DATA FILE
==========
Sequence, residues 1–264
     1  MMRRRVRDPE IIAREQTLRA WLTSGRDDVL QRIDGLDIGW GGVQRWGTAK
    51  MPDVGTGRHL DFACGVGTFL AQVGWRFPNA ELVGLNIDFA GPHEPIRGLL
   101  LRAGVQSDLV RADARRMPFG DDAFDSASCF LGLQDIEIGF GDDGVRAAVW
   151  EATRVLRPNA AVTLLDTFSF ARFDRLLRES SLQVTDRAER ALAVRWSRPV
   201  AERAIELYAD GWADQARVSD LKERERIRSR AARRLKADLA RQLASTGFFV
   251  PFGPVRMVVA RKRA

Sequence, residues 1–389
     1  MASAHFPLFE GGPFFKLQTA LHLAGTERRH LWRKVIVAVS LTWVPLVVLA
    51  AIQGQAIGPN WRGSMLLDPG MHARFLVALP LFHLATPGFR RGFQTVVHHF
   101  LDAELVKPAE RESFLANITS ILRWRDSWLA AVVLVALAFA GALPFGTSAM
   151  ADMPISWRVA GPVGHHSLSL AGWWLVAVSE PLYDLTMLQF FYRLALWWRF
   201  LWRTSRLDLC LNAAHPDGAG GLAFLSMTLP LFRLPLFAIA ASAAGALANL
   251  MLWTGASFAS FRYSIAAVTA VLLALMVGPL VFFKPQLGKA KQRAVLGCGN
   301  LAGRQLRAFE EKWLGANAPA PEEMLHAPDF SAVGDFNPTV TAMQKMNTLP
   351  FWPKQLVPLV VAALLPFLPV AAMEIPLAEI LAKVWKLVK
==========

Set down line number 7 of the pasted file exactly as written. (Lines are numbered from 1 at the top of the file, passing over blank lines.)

   251  PFGPVRMVVA RKRA